There are times when a photograph says everything about a person. To me, that’s the photo reproduced here of Natalya stopping to visit with a fan ringside. The joy. The happiness in doing what she loves. The genuineness of it.
And, having known Nattie Neidhart for many, many years now, it’s a pretty good representation of who she is too.
She loves what she does. Visiting with the fans, before shows, after shows, during shows, isn’t just a task to her, but something she values. Similarly, if there’s a charity event.
This shot, taken post-match after a loss in a Women’s title match against Charlotte, was captured by Jon Crowhurst of Tabercil Photography last Sunday, July 10th, at Budweiser Gardens in London, Ontario, but it could have been anywhere.
Just a couple of days before, when WWE was in Oshawa, Ontario, a friend named Tor, who may be confined to a wheelchair, but does not let that define him, posted on Facebook: “MY WISH CAME TRUE WHEN I JUST MET NATTIE!”
Not WWE champion Dean Ambrose, not The New Day, not John Cena, but Nattie, a third-generation wrestler from Calgary who hasn’t forgotten where she came from, who knows that the ride could be over tomorrow and that she’d better enjoy it while she can.
One of the few others that I could compare her to would be Tyson Kidd, i.e. her husband T.J. Wilson. And, the sad reality is that his ride might just be over as an active competitor in the ring.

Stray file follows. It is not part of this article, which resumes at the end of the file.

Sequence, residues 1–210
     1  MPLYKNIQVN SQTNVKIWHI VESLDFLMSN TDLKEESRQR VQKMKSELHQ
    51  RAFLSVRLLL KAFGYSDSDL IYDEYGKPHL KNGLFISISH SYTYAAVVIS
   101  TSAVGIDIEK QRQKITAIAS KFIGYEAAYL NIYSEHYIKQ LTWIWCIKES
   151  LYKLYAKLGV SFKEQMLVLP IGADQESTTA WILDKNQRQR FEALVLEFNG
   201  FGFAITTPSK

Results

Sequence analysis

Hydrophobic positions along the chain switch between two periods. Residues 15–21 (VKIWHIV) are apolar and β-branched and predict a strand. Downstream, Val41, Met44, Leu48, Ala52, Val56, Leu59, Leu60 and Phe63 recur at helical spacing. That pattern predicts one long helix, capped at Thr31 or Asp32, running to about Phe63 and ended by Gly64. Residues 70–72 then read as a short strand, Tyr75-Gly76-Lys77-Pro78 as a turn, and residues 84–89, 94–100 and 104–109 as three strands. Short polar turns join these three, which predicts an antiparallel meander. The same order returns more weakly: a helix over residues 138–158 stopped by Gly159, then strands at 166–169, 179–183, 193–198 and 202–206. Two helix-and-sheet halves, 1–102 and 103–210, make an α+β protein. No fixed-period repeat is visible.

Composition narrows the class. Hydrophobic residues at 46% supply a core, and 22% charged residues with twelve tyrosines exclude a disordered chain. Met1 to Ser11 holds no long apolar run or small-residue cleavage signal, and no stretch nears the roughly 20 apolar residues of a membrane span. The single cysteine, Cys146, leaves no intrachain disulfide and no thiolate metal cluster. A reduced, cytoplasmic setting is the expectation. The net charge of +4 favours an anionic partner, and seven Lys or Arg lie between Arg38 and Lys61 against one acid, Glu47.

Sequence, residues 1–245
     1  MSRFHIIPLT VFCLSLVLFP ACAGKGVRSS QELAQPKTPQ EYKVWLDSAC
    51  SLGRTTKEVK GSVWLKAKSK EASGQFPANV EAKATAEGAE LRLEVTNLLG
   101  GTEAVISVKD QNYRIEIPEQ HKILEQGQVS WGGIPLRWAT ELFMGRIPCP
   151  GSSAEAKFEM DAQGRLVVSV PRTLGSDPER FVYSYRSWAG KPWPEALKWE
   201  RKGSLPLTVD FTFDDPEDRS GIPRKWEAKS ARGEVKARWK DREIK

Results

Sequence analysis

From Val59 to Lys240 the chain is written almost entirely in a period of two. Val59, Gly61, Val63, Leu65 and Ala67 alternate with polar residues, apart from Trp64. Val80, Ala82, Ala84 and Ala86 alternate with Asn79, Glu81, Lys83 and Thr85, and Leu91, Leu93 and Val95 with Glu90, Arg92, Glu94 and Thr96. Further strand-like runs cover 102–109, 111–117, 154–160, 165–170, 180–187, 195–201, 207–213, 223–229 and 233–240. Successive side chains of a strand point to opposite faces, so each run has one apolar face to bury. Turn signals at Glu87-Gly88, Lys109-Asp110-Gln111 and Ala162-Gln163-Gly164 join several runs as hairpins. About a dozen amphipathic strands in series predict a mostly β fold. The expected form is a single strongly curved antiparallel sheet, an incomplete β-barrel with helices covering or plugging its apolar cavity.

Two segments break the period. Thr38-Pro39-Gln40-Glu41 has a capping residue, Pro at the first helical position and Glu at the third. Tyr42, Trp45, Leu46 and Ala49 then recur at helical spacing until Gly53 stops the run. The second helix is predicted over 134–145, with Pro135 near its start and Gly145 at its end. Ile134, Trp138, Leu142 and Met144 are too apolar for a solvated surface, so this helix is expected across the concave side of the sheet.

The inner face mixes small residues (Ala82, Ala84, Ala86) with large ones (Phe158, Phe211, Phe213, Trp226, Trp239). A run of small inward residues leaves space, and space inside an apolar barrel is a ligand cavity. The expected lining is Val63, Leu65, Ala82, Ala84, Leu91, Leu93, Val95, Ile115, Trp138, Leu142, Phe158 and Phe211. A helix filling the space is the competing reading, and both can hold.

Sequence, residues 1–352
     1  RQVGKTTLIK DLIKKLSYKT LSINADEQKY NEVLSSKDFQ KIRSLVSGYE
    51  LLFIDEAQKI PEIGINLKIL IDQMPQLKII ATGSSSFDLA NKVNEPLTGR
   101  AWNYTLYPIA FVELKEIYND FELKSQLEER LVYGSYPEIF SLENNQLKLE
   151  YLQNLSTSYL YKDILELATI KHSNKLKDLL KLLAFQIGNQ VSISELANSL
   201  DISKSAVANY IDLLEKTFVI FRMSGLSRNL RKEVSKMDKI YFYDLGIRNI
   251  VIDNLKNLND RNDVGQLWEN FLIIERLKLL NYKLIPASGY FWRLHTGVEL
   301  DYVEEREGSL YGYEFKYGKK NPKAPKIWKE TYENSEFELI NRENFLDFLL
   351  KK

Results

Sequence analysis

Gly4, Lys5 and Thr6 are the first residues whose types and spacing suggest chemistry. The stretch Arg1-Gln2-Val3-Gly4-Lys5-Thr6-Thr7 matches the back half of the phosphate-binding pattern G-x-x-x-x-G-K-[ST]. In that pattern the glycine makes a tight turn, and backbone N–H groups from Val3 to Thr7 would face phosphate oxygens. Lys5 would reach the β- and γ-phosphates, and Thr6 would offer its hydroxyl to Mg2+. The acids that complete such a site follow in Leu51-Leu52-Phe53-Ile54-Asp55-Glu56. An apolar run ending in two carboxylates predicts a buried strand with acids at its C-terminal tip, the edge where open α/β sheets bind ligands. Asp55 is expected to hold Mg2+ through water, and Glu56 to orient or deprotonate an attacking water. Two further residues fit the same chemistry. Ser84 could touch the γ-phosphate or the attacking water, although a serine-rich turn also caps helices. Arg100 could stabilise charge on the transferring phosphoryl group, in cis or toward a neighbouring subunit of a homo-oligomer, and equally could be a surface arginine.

Here in Canada, there’s often talk of how the national women’s team in hockey or soccer inspires kids, especially young girls, and makes them want to be strong individuals, both in character and in health. And it’s definitely not just girls; when we got FIFA 2016 here in the house, my son was thrilled that he could play as the Canadian women’s soccer team, led by Christine Sinclair, one of the best in the world.
By just being herself, and taking the time to share a moment with a young fan, Nattie is doing the same thing, just perhaps on a smaller scale.
Like many people, I’ve enjoyed the resurgence in her career, as she’s able to truly be a woman wrestler and never quite fit with the diva label. I told her as much when she recently celebrated her birthday.
But I also never heard her publicly whine or moan about her status when there were people who couldn’t lace up her boots at the top of the women’s division in WWE. That is also to her credit.
To sum up, the world needs more Nattie. And great photos.